The Rockwood Files: Refrigerator shame

rockwood files colorBy Gwen Rockwood, newspaper columnist and mama of 3

My refrigerator made a fool of me today. This morning when I came downstairs to the kitchen, it was croaking – loudly. It sounded like an elderly frog was frog in rocking chairinside it, sitting in a creaky rocking chair that got louder each time he rocked back. I could hear it across the room.

So I did what most of us do when a complex piece of machinery starts to make a weird noise we don’t understand: I smacked it. But it went right on croaking at regular intervals, completely undeterred.

Having exhausted all my repair expertise with that unsuccessful smack on the side of the fridge, I called our appliance repair guy, Steve. I told him about the loud croaking noise and asked if he could swing by to check it out. With an out-of-town trip on the horizon, I wanted to make sure we didn’t come home to a dead fridge full of spoiled food.

A few hours later, Steve showed up at the door holding his appliance doctor bag, ready to inspect the refrigerator that sounded like it was croaking, both literally and figuratively. He followed me into the kitchen and we both sidled up to the refrigerator and listened – to nothing.

It had gone completely silent. All we could hear was the occasional clink of an ice cube falling into the freezer tray below.

“Just give it a minute. It was definitely croaking this morning, and it was loud. Tom heard it, too,” I said, hoping that an ear witness would make me seem less crazy.

So we waited. And waited, enveloped by the sound of silence. Embarrassed that I’d made a big deal out of what was turning into nothing, I did the only thing that can make this kind of situation even more awkward – I did my best impression of the croaking sound and asked what might make that kind of noise.

Steve did some official-looking diagnostic things, hoping to prove I wasn’t as nuts as I sounded. He laid down on the kitchen floor with his flashlight and peered underneath the fridge. Then he took a long screwdriver and scraped something out from under it which turned out to be the largest grey dust bunny I’ve ever seen. It was more like a dust bear. I think I even saw it move once.

With no croaking and no answers in sight, Steve pulled the refrigerator out from the wall so he could get a look behind it. That’s when I learned something I’m guessing is universally true, no matter how clean you think your kitchen is. Behind the refrigerator, we’re all slobs. All of us. It’s a nightmare back there. I’ve seen things I can’t ever un-see.

“Steve, is it this bad behind most people’s refrigerators?” I asked, ashamed of the dead dust bear at his feet and the wasteland of dust balls, crumbs, bread twist ties, and unidentifiable food fragments under the fridge.

“Oh, sure,” he said in the most non-judgmental way. (And that’s how you know you’ve got a good repair guy because he will reassure you that you’re not disgusting even when it’s obvious that you are.)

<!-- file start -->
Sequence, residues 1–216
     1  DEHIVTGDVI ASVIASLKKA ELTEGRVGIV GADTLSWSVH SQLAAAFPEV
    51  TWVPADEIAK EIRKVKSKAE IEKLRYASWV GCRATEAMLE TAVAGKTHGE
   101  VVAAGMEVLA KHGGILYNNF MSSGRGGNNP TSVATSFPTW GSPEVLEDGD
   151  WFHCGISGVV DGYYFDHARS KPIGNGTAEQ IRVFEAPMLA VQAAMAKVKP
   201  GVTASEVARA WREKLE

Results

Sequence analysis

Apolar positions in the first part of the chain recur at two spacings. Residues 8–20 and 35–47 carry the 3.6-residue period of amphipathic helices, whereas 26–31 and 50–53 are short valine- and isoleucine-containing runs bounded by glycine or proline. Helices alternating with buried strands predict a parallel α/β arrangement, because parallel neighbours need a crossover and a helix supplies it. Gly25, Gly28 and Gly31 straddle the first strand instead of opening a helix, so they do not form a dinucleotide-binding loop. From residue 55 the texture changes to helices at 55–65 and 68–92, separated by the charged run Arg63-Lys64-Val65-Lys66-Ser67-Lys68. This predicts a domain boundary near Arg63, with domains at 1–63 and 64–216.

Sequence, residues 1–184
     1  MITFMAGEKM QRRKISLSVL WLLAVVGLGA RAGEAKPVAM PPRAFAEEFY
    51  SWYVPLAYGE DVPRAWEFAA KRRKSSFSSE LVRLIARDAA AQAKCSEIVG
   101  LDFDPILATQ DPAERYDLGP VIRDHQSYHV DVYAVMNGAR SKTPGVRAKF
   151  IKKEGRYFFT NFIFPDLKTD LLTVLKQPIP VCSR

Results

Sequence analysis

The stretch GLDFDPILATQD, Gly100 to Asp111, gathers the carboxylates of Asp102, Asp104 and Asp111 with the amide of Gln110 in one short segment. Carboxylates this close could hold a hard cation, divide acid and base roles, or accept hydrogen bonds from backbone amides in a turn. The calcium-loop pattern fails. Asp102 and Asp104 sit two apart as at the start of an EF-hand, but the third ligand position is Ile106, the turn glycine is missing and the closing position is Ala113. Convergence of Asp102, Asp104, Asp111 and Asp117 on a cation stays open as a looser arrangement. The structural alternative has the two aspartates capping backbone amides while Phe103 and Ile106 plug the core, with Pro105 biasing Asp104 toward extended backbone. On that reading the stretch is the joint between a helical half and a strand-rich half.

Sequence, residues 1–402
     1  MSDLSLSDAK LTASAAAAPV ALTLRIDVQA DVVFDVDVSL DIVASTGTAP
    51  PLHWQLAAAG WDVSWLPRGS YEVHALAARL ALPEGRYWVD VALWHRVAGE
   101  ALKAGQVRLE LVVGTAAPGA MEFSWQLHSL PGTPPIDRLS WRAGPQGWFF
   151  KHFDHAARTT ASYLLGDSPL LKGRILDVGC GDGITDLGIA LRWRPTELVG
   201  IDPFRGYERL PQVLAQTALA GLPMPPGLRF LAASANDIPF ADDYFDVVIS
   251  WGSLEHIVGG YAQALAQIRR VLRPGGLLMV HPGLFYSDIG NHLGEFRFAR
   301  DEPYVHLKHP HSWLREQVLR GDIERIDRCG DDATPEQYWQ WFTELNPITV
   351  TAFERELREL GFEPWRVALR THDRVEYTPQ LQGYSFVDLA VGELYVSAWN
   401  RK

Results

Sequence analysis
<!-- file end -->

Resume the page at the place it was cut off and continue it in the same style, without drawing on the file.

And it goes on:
Steve let me clean a few things behind the fridge before pushing it back toward the wall, where it will likely gather another nine years’ worth of God-knows-what. He packed up his bag and said the loud croaking could possibly be the refrigerator’s fan on the fritz. It’s hard to know for sure because the fridge played a game of “quiet mouse” as soon as Steve showed up, so we’ll have to wait it out.

When it starts croaking again – and you know it will – I’m going to record it so I’ll have proof. Fool me once, shame on you. Fool me twice and I’m getting a new fridge.

gwen rockwoodGwen Rockwood is a mom to three great kids, wife to one cool guy, a newspaper columnist and co-owner of To read previously published installments of The Rockwood Files, click here. To check out Gwen’s new book, “Reporting Live from the Laundry Pile: The Rockwood Files Collection,” click HERE.

Photo credit: Lisa Mac Photography

Life with Ladybug: Back to life. Back to reality.

shan at the beach

On our way back from Panama City Beach in Florida, we stopped by my parents’ house to spend the night – and to pick up a chicken.

No, not KFC. Against my better judgment, we were bringing home one of the chickens from my mom’s flock to join our lone chicken survivor, Tessa (we lost our other two chickens recently).

That morning, as we visited over my mother’s homemade waffles, she commented, “Well, vacation is over. Back to reality.”

I groaned at her words, but as I took another sip of my hot tea, I realized that the thought didn’t actually make me sad. I pondered over why that was and came to the conclusion that I love my work, my community, my life.

My reality doesn’t bite. So heading back wasn’t a bad thing.

Sure, there are plenty of things I’ll miss about vacation. Things like:

The food. No cooking! No clean-up! One of my favorite meals was at Great Southern Café (my daughter also gave this restaurant the Best Lemonade Award from along all the places we ate along the Panhandle). We also had fun seeing the alligators and eating crab legs at Bayou Bill’s Crab House. I’m not typically a sushi fan, but we also had a great experience at the restaurant FireFly. Our waiter was amazing and had actually lived in NWA for a time a few years back. I tried my husband’s Bubba Roll and it was gooooood. It was cooked, so I didn’t get all ooged out about raw fish. I also loved my Caesar salad with blue crab.

Great Southern Cafe salad

Great Southern Cafe salad

The sunsets. Wow, those Florida sunsets. Gorgeous.


The ocean sounds. I love the sounds of waves lapping against the shore. I even have a sound machine so I can hear the beach anytime, right here in Northwest Arkansas. Granted, it doesn’t sound exactly the same, but it still has a calming effect.

view from our balcony

The view from our balcony